Can you believe Luther is already over? Weren't we just talking about its beginning a month ago?

While trying to help Jenny cover up the death of Toby (the psychopathic grandson of Jenny's former madam Baba), Luther gets to deal with "twins with a shared psychosis" who look at their crimes as one big competitive game. I would complain here about how our hero cannot catch a break, but I'm not sure that he'd want one if he could get it. John Luther is not unlike an addict; he's consumed by the world he lives in and doesn't seem very interested in getting out.

Once again things start to spin out of control for Luther, being that he always seems to tackle more than he may be capable of controlling. One moment he's working with Justin on their case, as one of their perps breaks into a minivan and brutally murders its occupants in the middle of a traffic jam and there's no visible reaction, even as he leaves the scene of the crime with obvious blood spatter on his face. The next moment, Luther's trying to keep Jenny one step ahead of Baba's right-hand man Frank, who in turn is trying to get to Jenny through her mother Caroline.

Luther and Justin finally snag the twin who committed the minivan slayings, and try to convince him to turn on his brother. Robert makes his decision by a roll of the dice: he's not helping. (I'm going to have a real hard time not feeling uncomfortable the next time I break out the dice for a game of Advanced Dungeons & Dragons.) At the same time, Jenny runs back to her mother, but when she figures out that Caroline is selling her out to Frank (or was she planning it all along?), she sets the both of them up. The cops arrive and find Toby's body in Frank's car, courtesy of Luther.

One problem half-solved, the other rears its head: the remaining perp has a bomb and he's just going to wander around London with it until he decides who he wants to blow up. Schenk and Luther aren't satisfied with the tactical team's idea of acceptable losses, and our hero gets the green light from his boss to make one last effort. This being Luther, said last effort involves dousing himself in petrol and daring the perp to light him on fire. Rather than leave his fate to another roll of the dice, our hero tells his colleagues just where to aim their bullets, and has his foe shot dead before he knows what's hitting him.

As for Baba? Well, Alice has that covered, allowing Luther and Jenny to walk away scot-free. Jenny even utters the same last words that we heard at the end of series one and the beginning of this one: "Now what?" At least this series ends on a more positive note than the last.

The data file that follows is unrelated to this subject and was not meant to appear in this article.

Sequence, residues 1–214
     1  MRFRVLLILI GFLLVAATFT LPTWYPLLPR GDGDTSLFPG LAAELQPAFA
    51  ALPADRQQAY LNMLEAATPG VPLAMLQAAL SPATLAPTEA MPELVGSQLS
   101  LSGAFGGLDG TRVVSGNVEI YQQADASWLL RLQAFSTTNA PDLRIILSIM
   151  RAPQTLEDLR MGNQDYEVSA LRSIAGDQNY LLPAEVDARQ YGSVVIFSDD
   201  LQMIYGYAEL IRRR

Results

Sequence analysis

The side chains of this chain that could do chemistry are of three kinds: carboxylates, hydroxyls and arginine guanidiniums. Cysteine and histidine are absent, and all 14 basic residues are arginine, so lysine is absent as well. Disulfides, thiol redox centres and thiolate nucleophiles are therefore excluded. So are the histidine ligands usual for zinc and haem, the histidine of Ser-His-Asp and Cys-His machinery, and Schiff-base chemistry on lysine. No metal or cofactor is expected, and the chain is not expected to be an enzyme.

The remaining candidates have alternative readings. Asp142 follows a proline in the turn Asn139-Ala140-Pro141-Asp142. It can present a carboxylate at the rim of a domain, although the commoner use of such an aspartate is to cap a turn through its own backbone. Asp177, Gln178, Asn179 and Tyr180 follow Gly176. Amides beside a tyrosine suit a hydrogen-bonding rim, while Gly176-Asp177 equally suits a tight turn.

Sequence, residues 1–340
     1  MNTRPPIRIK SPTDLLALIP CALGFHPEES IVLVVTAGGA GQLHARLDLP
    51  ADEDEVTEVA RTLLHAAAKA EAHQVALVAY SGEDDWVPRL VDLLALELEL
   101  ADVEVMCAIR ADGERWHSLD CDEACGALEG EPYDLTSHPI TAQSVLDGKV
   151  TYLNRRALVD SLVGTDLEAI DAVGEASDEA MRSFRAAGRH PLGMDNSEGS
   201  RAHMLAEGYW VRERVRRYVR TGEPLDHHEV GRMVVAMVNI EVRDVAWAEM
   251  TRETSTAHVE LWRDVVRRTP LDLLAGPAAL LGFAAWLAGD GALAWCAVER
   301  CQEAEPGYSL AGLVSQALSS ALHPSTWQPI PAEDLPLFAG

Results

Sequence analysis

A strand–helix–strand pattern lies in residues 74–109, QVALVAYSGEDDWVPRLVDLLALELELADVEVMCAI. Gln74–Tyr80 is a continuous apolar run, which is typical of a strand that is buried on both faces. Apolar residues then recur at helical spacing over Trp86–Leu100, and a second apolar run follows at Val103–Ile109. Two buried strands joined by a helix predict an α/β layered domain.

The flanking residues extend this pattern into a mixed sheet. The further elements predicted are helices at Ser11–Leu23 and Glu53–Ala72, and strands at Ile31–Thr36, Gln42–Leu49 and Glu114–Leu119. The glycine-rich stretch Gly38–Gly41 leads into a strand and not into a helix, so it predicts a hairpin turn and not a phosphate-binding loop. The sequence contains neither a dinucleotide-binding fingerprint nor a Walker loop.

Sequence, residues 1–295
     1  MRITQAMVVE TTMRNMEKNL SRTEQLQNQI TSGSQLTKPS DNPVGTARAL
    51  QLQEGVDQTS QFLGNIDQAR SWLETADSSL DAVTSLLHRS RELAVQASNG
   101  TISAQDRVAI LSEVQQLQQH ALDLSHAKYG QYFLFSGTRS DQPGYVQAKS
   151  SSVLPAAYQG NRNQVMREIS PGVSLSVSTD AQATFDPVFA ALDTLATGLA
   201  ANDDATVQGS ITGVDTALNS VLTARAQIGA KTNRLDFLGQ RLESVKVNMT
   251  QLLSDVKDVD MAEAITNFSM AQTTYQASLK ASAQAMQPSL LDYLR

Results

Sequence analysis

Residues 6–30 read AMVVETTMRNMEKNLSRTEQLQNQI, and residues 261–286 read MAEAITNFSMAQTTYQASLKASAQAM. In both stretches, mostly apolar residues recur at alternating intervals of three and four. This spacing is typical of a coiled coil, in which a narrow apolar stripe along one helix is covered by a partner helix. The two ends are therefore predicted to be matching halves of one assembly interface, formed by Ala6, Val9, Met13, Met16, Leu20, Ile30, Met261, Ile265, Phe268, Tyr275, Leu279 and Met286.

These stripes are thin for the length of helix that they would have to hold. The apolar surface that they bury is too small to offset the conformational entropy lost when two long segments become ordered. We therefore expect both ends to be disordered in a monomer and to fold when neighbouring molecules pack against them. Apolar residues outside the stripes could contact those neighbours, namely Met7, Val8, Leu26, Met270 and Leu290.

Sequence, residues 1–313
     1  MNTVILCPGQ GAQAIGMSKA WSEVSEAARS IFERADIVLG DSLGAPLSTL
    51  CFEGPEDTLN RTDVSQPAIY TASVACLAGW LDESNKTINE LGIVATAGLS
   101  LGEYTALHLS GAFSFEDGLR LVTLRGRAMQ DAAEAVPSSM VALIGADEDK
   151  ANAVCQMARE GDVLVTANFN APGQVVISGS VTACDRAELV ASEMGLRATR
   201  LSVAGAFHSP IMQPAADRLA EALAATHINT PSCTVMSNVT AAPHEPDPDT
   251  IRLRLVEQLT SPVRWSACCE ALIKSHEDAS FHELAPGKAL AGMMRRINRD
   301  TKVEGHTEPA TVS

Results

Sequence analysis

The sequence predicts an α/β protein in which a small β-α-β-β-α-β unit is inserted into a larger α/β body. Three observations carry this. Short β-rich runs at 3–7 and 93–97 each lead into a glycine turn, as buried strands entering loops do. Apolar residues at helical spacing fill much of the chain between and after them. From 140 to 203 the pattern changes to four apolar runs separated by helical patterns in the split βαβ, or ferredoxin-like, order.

Episode four is a suspenseful end to the second series of Luther. Yet while I enjoyed series two, I have to say it wasn't quite up to the standard that was set by series one - an admittedly high standard, of course. There was something about series one that pulled a little bit more on the heartstrings and punched a little harder in the gut. Without Zoe, largely without Mark, there's that extra personal depth that isn't there. Yes, Luther had a backstory with Caroline and Jenny, but it doesn't compare to how invested Luther was - and we were - in his failing relationship with his estranged wife. The mysteries are still intriguing and brutal, but the B-story isn't quite as good.

Despite that, though, Idris Elba (who earned an Emmy nomination for the role of John Luther) is still one of the best actors working today. He was fantastic when I first saw him in Channel 4's Ultraviolet thirteen years ago, and he's been outstanding in everything I've seen him in since. He has a natural intensity that is only bolstered by his physical size, and he knows how to blend the two together to turn in consistently great characters who demand your attention. I'd watch him in anything - and he will always be Luther's biggest weapon, no matter what happens in the scripts.

As for that disappointment that series two of Luther is so short? There's consolation in the fact that series three has already been ordered. We haven't seen the last of John Luther yet.

(c)2011 Brittany Frederick/Digital Airwaves. All rights reserved. No reproduction permitted.